or, “Zachary’s Psychedelic Breakfast, Part 1”
As promised, an interview with Ridgely, the 74-year-old wife of George Forbes Copland II with whom I stayed at North Bend Plantation in Charles City, VA. “It’s just like the good lord sends all these people that we’d never have the opportunity to meet,” she tells me about her experience operating a Bed & Breakfast on the plantation once owned by her husband’s ancestors, family of founding father Benjamin Harrison and President William Henry Harrison. “We’ve met people from all over the world.”
Above, Ridgely speaks in great detail about the plantation’s history (“in 1864 there were 30,000 Union troops here,” nbd), her family connection to Edmund Ruffin (I guess we’re kin too, now that we’ve sorta shared a bed), her husband’s staggering English lineage (“George’s ancestors are in the Book of the Dead in England. . . . He’s kin to Charlemagne and the First Lord of Windsor in England”), and her own family history (“there were two people that were knighted, which is kinda fun”).
Live from Caldwell, NJ: the modest 170-year-old site of Grover Cleveland’s 1837 birthplace. It’s not much—the house has been expanded significantly since Cleveland’s birth, but the site itself still blends seamlessly into the background of Caldwell’s quiet suburban sprawl. (Yes, I drove past it initially and had to circle back. Sorry, Grover. Just be thankful I didn’t steal your parking spot.)
But it is “the only house museum in the country dedicated to the interpretation of President Cleveland’s life.” (“Pretty much for Cleveland, this is it,” explained Janice, my tour guide, though there is a bit of information in Princeton, where he retired and was eventually buried. “If you want to learn about Grover Cleveland, this is where you can learn more than any other place, with the possible exception of the Library of Congress.”)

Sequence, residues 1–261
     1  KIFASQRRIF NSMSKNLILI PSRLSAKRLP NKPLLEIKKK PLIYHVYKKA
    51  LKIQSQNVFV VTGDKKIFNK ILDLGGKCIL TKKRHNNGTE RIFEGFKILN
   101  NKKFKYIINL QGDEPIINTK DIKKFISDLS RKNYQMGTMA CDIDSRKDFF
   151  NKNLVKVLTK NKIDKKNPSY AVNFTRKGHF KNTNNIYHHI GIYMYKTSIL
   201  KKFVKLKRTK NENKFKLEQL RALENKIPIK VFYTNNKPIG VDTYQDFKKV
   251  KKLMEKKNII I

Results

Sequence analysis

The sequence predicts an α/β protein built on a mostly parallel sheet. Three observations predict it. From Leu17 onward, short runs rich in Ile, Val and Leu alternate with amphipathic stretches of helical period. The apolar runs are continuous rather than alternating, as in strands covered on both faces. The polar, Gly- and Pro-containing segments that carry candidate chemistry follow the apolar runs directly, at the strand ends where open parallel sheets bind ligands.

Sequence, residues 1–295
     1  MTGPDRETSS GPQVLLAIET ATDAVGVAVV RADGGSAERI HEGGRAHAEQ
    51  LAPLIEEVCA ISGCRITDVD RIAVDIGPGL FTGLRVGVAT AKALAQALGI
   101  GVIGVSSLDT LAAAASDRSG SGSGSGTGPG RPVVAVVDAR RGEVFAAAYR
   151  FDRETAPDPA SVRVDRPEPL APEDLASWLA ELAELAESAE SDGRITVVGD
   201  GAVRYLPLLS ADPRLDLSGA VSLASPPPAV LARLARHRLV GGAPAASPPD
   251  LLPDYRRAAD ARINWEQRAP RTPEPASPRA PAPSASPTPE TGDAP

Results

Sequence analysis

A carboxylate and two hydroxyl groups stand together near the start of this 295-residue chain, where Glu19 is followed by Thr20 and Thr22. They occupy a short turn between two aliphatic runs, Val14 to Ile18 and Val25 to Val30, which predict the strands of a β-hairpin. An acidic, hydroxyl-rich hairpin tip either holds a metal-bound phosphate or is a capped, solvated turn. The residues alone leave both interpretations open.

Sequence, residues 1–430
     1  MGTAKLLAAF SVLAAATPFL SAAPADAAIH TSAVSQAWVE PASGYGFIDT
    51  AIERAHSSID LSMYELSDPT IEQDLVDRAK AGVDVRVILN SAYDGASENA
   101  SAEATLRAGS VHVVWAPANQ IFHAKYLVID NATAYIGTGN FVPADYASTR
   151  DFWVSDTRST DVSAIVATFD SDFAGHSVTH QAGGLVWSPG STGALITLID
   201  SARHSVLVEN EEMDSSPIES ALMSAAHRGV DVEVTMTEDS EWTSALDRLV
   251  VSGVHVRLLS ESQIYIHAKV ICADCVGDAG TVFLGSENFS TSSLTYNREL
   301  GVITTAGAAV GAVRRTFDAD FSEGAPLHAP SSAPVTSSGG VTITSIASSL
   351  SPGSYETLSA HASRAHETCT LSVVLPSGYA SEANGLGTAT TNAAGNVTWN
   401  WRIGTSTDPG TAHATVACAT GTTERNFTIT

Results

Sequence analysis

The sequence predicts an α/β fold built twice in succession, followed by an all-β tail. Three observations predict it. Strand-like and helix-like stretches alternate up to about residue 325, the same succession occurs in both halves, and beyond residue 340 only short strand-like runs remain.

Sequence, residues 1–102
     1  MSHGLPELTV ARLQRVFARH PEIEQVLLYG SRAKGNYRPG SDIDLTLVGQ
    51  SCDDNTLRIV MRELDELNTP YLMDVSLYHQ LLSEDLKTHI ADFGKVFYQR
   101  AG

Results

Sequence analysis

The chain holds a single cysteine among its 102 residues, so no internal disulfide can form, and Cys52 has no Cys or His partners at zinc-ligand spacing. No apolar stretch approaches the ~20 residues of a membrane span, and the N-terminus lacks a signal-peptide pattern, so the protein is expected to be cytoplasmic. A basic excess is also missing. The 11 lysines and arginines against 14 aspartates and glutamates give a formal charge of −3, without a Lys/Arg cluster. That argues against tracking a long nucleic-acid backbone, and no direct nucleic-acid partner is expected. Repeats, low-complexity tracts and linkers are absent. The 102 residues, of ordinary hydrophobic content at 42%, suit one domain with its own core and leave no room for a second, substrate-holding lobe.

Janice, a retired pharmaceutical worker, was my private guide, or “interpreter,” of Cleveland’s life and home. (There were no other visitors, at least until John Butters arrived. This did not seem out of the ordinary.) She told me about Grover’s birth to a minister father, his childhood among eight siblings, his eventual relocation to New York, admission to the bar, election as Governor and, eventually, president of the United States. She showed me a bowl belonging to Cleveland’s mother, a cradle in which Baby Grover was once rocked, a piece of fruit caked actually served at Cleveland’s 1886 marriage to Frances Folsom, a student less than half his age. She spoke proudly of his New Jersey roots (“he was the only president born and buried in New Jersey; this is his Mount Vernon”) and his firm honesty. She waffled like mad when I asked if she would have voted for Grover.
Pictured above: East 20th Street, between Park and Broadway. Here are two important facts to know about this block:
- President Theodore Roosevelt was born here on October 27, 1858.
- Absolutely nothing has happened here since October 27, 1858.
Today, most passersby walk straight past the recreated brownstone, entirely oblivious to its historic value. But don’t take my word for it—watch this video I filmed from TR’s front stoop. Like everything about this block, it is unfathomably uneventful. (My working title was “Stoop Kid’s Afraid to Leave His Reconstructed Historic Brownstone.”)
On Wednesday I visited the FDR National Historic Site (birthplace, family home, burial site, all-around stomping grounds) in Hyde Park, NY. There I met Charlotte, a generous and knowledgeable National Park ranger and FDR historian who has worked at the site for longer than I have been alive. (Disclaimer: a lot of people have worked at a lot of places for longer than I have been alive.) Charlotte assured me that the FDR historic site is “not an endorsement,” then pointed to the gift shop, where I could purchase New Deal slogan greeting cards and “I Want Roosevelt Again” pins.
More on this trip soon. Here’s my interview with Charlotte.